Improve your knowledge of plants with GPS

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We are all aware that using your GPS while driving can assist you in finding the destination you are searching for.  Are you also aware that you can use your GPS to assist you in the world of plants?  If you are a lover of plants, the "In the  field: Introduction to GPS Mapping" class (Thursday, Sept. 22, 6-8 p.m.) could open a whole new world for you.

Denver Botanic Gardens' Research and Conservation department will be leading this useful and interesting class.  Their department uses GPS extensively in their work with plants in the wild (especially when locating rare and threatened species) – both in locating the plants and in documenting where they found the plants so that they can easily be found again.

Now you may be asking yourself, “What does this have to do with me – a home gardener…a novice plant lover?”

Using your GPS, you can map and document the location of plants in your own garden (so that you know exactly what you planted and where) or you can document where you found a special flower while out on a hike so that you can find it again.  Or perhaps you’ve always dreamed of finding a specific, favorite plant that you’ve never seen growing wild but would like to.  You could visit the Gardens' Herbarium (where we have lists and locations of many species growing here in Colorado) and determine if we have the GPS coordinates to help you fulfill your dream.

If you’re concerned about needing a special type of GPS unit for this class or this task, don’t worry.  The simplest of GPS models can be effective at helping you with these projects.

And if your knowledge of how to use a GPS is minimal or nonexistent, fear not.  This class will teach you some of the basics:

  • Learn about different types of GPS units and their capabilities
  • How to use a GPS unit to locate something (plants, favored hiking trail, etc.) with map coordinates
  • How to create and input coordinates

This class will also give you hands-on experience with a scavenger hunt throughout the Gardens (you can bring your own GPS or borrow one of ours).

Your searches need not be limited to Colorado and/or information available from the Gardens' Herbarium. Your newfound knowledge can be put to use by visiting (in person or often online) various herbaria around the country to locate thousands of plant species.

If you find that you really enjoy this type of botanical exploration, the Gardens would love to have your help.  After taking the class, you are welcome to sign up to assist the Research and Conservation Department in their work at locating and recording various rare and threatened plant species. There are still many species that need to be located or returned to for research purposes (seed collection, counting, etc.).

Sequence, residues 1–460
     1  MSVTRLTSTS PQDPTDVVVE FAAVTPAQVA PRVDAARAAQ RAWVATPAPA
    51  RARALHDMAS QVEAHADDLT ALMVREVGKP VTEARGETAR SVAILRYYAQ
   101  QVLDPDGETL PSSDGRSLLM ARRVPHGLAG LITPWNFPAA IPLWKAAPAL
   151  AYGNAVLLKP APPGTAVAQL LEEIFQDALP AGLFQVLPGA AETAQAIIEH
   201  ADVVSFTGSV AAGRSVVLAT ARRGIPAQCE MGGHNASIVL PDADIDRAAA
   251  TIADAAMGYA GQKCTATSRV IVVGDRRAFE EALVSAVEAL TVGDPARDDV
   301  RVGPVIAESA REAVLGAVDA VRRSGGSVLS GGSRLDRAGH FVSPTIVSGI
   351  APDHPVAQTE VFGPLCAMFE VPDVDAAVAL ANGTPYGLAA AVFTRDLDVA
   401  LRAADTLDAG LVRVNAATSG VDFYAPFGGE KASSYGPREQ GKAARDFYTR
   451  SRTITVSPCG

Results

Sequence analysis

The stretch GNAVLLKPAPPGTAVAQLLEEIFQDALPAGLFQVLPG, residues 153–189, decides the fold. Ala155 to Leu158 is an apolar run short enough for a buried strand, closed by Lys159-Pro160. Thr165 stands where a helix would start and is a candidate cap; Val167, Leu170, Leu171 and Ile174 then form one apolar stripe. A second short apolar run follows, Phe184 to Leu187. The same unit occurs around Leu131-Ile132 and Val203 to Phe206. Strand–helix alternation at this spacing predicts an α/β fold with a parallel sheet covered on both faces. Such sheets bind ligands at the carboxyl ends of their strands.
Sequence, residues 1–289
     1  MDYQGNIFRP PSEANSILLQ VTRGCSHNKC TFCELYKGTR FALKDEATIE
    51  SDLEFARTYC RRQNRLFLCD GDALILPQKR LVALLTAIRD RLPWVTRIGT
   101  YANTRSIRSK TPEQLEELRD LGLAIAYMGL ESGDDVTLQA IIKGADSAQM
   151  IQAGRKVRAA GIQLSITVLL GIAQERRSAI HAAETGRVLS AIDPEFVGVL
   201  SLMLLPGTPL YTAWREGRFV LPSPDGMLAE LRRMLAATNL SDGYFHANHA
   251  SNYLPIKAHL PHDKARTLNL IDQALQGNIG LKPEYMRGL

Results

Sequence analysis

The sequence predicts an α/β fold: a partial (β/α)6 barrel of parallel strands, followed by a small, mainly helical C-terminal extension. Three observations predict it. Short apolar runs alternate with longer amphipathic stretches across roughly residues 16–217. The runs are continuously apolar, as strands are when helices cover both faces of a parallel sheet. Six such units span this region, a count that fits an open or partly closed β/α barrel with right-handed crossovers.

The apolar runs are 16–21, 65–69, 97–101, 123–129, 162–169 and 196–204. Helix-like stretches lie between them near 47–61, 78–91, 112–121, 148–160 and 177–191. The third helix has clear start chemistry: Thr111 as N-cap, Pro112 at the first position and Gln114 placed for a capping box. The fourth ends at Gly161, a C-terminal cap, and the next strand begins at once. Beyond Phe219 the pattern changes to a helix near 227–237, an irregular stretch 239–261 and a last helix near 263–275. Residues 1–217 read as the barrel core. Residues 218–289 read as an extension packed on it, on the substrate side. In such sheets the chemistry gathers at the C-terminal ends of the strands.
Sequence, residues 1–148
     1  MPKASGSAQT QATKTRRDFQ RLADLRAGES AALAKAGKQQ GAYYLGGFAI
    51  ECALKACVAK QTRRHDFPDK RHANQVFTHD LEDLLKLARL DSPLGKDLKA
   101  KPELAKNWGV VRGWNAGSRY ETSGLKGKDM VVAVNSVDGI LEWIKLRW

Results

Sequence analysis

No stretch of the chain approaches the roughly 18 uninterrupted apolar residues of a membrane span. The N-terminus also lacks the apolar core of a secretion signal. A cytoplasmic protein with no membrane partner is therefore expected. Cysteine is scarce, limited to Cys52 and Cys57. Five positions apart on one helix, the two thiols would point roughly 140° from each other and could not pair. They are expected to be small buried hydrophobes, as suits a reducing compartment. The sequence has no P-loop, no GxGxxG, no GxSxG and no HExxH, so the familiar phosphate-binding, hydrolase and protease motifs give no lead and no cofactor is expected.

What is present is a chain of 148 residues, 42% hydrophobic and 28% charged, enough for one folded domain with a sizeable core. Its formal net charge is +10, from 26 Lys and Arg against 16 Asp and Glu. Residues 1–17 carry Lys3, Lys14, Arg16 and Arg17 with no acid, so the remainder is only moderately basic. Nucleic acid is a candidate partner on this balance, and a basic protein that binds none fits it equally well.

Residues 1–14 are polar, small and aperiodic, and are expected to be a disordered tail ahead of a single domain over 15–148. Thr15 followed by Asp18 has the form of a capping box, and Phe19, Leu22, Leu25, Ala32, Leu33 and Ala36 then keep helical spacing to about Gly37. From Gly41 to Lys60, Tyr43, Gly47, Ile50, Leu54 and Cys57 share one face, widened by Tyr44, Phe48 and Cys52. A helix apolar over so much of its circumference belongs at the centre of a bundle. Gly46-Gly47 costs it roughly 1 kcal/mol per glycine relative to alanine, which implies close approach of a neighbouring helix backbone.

Join us by registering online or calling Denver Botanic Gardens' registrar at (720) 865-3580.

Comments

Sara Roster
I am helping my father with his fruit tree plant breeding work. We have been looking for a better way to tag each tree with its number and fruit characteristics. What GPS device would give us an accurate tree location, but is in the 'sweet spot' for being reasonable in price?
James Gallagher
I am a science teacher in Philadelphia, PA and our school has a wonderful, but severely underused, wooded area that surrounds our school. We are slowing carving out a nature trail and some outdoor classrooms and are looking for ways to incorporate this physical space into our curriculum. One project we are considering is a cataloguing the location of plant species. You course, In the field: Introduction to GPS Mapping is one that sounds as if it could serve us well. Do you have any supporting documents, field guides etc. that I could use to get this project started? Thank you in advance for your time, consideration and assistance! Sincerely, jim Gallagher 7th & 8th Grade Science Teacher Lingelbach School Philadelphia, PA
Michelle DePren...
Hello Jim, I'd be happy to share some of the materials that might help you get started. Please send me an email and I can get you started or answer more questions you might have. That sounds like a wonderful use the surrounding environment. Michelle deprengm@botanicgardens.org

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